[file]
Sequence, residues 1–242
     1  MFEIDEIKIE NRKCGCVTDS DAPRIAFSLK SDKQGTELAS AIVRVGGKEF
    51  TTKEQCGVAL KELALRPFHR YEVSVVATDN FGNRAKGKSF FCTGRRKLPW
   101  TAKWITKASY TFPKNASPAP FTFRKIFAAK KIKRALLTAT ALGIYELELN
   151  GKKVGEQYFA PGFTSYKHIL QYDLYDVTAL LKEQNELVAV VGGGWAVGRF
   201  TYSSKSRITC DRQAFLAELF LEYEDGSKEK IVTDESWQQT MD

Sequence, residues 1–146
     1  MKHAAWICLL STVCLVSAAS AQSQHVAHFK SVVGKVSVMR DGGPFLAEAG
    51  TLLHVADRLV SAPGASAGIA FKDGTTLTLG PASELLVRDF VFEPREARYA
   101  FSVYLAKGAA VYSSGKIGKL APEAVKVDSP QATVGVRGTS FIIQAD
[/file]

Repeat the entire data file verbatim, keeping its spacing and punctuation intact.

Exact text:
Sequence, residues 1–242
     1  MFEIDEIKIE NRKCGCVTDS DAPRIAFSLK SDKQGTELAS AIVRVGGKEF
    51  TTKEQCGVAL KELALRPFHR YEVSVVATDN FGNRAKGKSF FCTGRRKLPW
   101  TAKWITKASY TFPKNASPAP FTFRKIFAAK KIKRALLTAT ALGIYELELN
   151  GKKVGEQYFA PGFTSYKHIL QYDLYDVTAL LKEQNELVAV VGGGWAVGRF
   201  TYSSKSRITC DRQAFLAELF LEYEDGSKEK IVTDESWQQT MD

Sequence, residues 1–146
     1  MKHAAWICLL STVCLVSAAS AQSQHVAHFK SVVGKVSVMR DGGPFLAEAG
    51  TLLHVADRLV SAPGASAGIA FKDGTTLTLG PASELLVRDF VFEPREARYA
   101  FSVYLAKGAA VYSSGKIGKL APEAVKVDSP QATVGVRGTS FIIQAD